Now comes the match that Serena Williams didn't want to play.
As she plows forward toward what she hopes will be a fourth consecutive U.S. Open title and a calendar year Grand Slam, Williams -- in Tuesday night's quarterfinal -- will face the player whom she considers the best in the tournament, the one player who might have the best shot at beating the No. 1 player in the world.
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That would be her sister, Venus.
"For me, I'm playing the best player in the tournament, and that's never easy," Serena said. "She's beaten me so many times. I've taken a lot of losses off her, more than anybody. She knows how to win, knows how to beat me and knows my weaknesses better than anyone."
This will be the 27th time the sisters have played each other. That figure is extraordinary not only because they are the most successful sister-sister act in the history of sport but because they are the oldest players in the women's draw. Venus is 35; Serena will be 34 this month.
Their rivalry in championship tennis dates to the 1998 Australian Open, a match won by Venus. Their all-time head-to-head record is 15-11 in favor of Serena, and Serena holds a 6-2 advantage in Grand Slam finals.
Serena has won 21 Grand Slam titles, and if she wins the Open, she will tie Steffi Graf's total of 22 and be two behind the record of 24 set by Margaret Court. Venus, who has seven Grand Slam titles, beat her sister in the 2001 Open final, the first Saturday night final at the Open.
But all these numbers mean little to both of them as they prepare to face each other. Now it's only about holding serve or breaking it, hitting winners or making errors, and toughing it out to the bitter end, something that both sisters are supremely accomplished at.
Asked to match up each other, Serena responded concisely:
"She's fast, I'm fast. She hits hard, I hit hard. She serves big, I serve big."
In the galaxy of women's tennis, of big, strong, physically tuned athletes, Venus and Serena Williams, at the combined age of 68, remain the most powerful players in the game. When you consider that Venus battles not only much younger opponents but also her own body, her accomplishments stand out beyond the winning of matches and titles.
At the Open four years ago, Venus withdrew and announced she has Sjogren's syndrome, an autoimmune disorder that causes fatigue, dryness and glandular problems. She has never used it as an excuse for failing to win and is reluctant to discuss it.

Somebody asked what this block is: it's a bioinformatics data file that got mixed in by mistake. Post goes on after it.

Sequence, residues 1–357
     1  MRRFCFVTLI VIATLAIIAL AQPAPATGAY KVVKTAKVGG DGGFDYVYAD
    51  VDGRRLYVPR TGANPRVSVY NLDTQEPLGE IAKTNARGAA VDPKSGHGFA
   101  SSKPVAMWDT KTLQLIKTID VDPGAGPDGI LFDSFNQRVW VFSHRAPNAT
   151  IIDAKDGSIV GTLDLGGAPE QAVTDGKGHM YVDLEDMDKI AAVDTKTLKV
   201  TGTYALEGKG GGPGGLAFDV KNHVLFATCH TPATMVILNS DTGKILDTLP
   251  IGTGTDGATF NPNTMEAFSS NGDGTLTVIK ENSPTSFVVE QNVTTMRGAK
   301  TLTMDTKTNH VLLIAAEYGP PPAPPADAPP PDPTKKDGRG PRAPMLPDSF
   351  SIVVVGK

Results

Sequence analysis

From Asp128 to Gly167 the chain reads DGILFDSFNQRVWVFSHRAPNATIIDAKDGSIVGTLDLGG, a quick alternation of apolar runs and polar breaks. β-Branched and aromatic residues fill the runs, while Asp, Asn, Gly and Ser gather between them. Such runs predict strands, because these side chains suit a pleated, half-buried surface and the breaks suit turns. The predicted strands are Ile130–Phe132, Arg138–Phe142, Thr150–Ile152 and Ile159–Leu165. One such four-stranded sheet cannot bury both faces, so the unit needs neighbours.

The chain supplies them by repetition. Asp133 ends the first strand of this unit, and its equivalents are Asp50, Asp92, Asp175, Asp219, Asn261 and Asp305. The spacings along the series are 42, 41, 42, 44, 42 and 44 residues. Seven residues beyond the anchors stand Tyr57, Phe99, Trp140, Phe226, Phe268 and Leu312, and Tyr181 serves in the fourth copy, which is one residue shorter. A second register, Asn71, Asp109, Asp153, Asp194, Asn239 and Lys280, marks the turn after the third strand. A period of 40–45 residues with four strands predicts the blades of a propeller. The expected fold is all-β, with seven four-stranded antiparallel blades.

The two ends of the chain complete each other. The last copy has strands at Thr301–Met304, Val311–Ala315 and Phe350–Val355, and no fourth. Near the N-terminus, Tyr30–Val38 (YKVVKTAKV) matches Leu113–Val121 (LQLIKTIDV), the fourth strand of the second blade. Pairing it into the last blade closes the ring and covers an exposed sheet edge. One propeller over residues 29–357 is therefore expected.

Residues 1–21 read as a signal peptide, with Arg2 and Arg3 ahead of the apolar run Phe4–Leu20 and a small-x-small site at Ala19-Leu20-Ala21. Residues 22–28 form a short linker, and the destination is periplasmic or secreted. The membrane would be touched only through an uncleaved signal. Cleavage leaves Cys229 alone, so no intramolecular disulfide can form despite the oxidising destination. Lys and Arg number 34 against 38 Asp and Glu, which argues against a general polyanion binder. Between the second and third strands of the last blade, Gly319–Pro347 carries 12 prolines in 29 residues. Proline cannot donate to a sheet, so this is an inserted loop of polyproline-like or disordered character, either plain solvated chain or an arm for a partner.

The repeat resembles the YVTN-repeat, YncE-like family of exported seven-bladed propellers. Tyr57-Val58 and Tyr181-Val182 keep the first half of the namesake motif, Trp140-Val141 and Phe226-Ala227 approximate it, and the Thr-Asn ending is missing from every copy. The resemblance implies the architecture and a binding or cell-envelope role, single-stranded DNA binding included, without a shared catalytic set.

"I believe everybody has their challenges," she said. "I have mine. I put my best foot forward, whatever foot that is. So left, right, whatever. I'm definitely not here to talk about what's wrong or what's not wrong. Everybody's got problems. You get out here and play. If it doesn't work out, you go and work harder or go home. That's it."
Venus' road to the quarterfinals has been considerably more difficult than Serena's, starting with a first-round match against Monica Puig that went three sets and took 2:40. She also defeated rising Swiss star Belinda Bencic, a convincing two-set victory that seemed to prove she is at the top of her game as well as being at the top of her age bracket.
Serena had to beat Venus in the round of 16 at Wimbledon in July on the way to winning the championship. That said, she generally would defer to her big sister.
"I would rather lose to Venus as opposed to anyone else," she said.
"I, in general, don't like to lose."
When they were young girls growing up in Compton, California, under the tutelage of their father, Richard, Venus was older and bigger and completely dominant. During their professional careers, Serena has risen to the heavenly heights, and it's the rivalry with her sister that has helped get her there.
"I think she helped create me, for sure," Serena said.
Still, from the baseline of life, they remain sister-sister.
"I feel like Venus and I have definitely proven that you can be friends and you can be sisters," Serena said. "You can be enemies on the court, and you can be friends and sisters off the court."